Employee Training: What's Your Measuring Stick?

$70 billion.

 Work Rules!: Insights from Google That Will Transform How You Live and Lead by Laszlo Bock

Work Rules!: Insights from Google That Will Transform How You Live and Lead by Laszlo Bock

That's about how much businesses spent on employee training in 2016.

Think back to the last time you took part in a training at your organization. Was it entertaining? Dull? Comprehensive? Shallow? Perhaps a mixture of many of these.

We've all heard the collective sigh and pen-tapping from colleagues who groan about sitting through "another training". They might be onto something. Remember you last training - did it change your behavior? Did it instill a new skill in you? Or were you simply buried with a deck of slides, full-loaded with text and witty images?

Laszlo Bock, the head of Google's people team, writes in his book Work Rules!, that many employers are missing the mark when only measuring employee training by time spent and content covered.

"...Most organizations measure training based on the time spent, not on the behaviors changed. It's a better investment to deliver less content and have people retain it, than it is to deliver more hours of 'learning' that is quickly forgotten."

Bock backs up his advice, citing psychology professor Ander Ericsson, whose research found that it's how the training time is spent that makes the biggest impact. So what, exactly, makes for good use of training time?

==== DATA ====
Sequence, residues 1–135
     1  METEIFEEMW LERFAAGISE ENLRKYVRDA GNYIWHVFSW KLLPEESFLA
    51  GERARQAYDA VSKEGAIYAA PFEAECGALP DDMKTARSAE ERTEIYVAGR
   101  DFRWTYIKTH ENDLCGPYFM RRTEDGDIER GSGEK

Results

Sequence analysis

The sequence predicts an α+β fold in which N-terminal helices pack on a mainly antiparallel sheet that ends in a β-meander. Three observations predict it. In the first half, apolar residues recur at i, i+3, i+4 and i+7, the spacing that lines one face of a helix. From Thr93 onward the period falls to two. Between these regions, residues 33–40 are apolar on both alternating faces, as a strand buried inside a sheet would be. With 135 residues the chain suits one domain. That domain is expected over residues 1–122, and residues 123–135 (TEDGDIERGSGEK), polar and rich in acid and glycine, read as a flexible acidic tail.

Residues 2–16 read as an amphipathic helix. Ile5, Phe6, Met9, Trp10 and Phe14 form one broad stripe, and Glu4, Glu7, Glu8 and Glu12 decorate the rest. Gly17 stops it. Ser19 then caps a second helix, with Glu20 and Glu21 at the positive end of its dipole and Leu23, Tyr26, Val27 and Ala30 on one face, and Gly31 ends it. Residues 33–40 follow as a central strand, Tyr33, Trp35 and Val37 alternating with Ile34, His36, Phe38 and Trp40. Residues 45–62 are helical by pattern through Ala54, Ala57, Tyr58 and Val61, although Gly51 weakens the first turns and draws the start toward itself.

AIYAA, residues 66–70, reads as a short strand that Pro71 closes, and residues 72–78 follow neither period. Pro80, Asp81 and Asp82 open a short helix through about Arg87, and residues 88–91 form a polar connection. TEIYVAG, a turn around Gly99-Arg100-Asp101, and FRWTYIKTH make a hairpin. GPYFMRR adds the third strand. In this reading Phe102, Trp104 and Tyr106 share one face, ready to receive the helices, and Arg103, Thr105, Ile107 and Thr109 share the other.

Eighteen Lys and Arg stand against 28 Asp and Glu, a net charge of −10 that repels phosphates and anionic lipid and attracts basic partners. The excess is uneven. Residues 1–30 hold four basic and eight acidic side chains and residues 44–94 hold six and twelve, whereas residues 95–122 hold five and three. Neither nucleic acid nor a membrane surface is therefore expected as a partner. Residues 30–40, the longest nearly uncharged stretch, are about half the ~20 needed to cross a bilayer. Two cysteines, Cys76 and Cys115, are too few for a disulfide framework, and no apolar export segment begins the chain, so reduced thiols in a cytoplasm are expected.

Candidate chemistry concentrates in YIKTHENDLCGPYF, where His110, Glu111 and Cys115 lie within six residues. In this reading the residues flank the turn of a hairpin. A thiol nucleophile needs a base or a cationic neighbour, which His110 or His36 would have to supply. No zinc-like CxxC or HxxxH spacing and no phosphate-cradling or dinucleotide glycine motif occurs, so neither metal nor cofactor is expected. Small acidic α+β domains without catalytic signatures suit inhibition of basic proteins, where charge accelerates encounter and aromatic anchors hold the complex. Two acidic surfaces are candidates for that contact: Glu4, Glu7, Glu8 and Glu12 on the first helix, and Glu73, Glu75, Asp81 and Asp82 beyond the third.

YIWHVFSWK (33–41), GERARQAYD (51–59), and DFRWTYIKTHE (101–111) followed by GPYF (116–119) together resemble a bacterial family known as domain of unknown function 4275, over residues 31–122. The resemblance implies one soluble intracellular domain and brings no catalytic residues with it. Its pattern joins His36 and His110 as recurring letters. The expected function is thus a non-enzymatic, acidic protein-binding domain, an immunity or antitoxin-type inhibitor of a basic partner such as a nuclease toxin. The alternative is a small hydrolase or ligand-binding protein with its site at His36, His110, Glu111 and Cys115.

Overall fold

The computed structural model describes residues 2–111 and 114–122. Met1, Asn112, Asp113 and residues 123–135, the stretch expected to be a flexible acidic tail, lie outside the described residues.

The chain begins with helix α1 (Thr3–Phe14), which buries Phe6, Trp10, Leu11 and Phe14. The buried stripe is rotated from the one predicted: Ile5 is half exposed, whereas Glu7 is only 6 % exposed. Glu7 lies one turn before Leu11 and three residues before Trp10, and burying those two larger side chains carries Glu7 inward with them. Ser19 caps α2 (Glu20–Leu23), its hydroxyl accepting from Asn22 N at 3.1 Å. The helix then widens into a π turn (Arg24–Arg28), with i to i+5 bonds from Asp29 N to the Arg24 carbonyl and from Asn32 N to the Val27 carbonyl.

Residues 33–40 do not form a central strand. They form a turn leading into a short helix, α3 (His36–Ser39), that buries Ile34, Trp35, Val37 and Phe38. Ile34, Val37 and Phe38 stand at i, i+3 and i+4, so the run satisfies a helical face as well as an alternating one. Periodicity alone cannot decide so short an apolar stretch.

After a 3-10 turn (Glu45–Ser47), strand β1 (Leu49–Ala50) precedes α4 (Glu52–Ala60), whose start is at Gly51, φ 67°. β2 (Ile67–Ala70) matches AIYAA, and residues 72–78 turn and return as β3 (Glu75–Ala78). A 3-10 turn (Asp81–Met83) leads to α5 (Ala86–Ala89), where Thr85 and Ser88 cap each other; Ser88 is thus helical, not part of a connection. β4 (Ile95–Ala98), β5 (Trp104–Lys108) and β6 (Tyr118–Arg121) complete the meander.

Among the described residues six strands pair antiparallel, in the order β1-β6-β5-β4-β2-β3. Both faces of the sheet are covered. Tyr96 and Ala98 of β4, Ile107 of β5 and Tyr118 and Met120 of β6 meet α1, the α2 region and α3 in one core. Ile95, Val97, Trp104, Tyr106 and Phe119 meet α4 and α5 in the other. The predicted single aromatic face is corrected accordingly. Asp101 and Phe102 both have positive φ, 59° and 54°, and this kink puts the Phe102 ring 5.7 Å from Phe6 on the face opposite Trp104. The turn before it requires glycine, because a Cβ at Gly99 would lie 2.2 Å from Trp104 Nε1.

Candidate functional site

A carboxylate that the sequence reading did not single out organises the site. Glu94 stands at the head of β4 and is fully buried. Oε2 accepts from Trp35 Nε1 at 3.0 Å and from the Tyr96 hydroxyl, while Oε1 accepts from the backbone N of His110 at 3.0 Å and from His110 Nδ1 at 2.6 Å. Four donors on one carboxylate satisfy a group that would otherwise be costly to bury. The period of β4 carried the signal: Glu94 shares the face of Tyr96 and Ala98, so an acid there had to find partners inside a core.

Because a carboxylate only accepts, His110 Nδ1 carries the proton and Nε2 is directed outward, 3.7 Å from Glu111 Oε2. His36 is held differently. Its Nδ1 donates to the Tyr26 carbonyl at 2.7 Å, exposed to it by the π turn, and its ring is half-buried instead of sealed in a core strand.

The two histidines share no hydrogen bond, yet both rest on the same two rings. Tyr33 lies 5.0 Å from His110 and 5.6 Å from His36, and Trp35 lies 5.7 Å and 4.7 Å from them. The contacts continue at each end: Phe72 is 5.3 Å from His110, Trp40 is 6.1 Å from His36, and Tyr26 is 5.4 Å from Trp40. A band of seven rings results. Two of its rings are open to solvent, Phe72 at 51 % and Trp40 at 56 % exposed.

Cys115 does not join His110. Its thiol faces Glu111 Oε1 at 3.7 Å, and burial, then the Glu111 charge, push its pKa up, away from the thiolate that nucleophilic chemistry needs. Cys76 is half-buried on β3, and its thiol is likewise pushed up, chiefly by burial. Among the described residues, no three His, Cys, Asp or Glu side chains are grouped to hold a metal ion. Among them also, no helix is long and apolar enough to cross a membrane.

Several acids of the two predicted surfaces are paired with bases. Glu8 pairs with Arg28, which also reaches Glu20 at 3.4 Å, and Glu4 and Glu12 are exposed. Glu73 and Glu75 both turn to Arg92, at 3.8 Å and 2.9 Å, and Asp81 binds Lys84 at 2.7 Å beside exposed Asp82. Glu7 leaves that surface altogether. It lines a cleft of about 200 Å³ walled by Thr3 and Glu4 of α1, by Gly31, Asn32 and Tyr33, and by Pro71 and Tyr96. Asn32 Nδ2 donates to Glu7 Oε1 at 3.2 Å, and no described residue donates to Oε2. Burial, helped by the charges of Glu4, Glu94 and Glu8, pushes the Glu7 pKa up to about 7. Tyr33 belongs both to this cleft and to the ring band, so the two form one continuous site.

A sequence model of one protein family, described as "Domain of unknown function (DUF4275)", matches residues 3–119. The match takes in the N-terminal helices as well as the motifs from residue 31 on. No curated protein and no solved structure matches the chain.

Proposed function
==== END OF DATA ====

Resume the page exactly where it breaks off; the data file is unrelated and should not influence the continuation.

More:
In a story earlier this year from Business Insider, Ericsson expanded on his research, highlighting what he calls 'deliberate practice'. This sort of practice doesn't just follow the "practice makes perfect" idiom. You can try again and again and learn very little when there's an absence of a knowledgable guide.

Ericsson's is more of a sensei-led approach to learning.  

Student tries task.
A knowing sensei suggest tweaks, based on wisdom.
Student tries task again, implementing the sensei's feedback.
Eventually, the student is able to see the answers as they approach the task again and again.

The idea is to further refine the skill you're building, until it becomes second nature.

While I can see this method applying easily to roles where there is a specific, logical workflow, I'd imagine this approach becomes less effective as you get into ambiguous, creative types of work.

The thrust of Ericsson's approach of deliberate practice is a straightforward way to improve training material, without spending a lot of extra time redesigning a training.

Instead of dumping truckloads of information on your trainees, create back-to-back scenarios where they can fine-tune the specific behavior or skill you want them to learn.

Guided practice makes perfect. Give it a whirl with your next training - how does this approach feel different? What results did you see?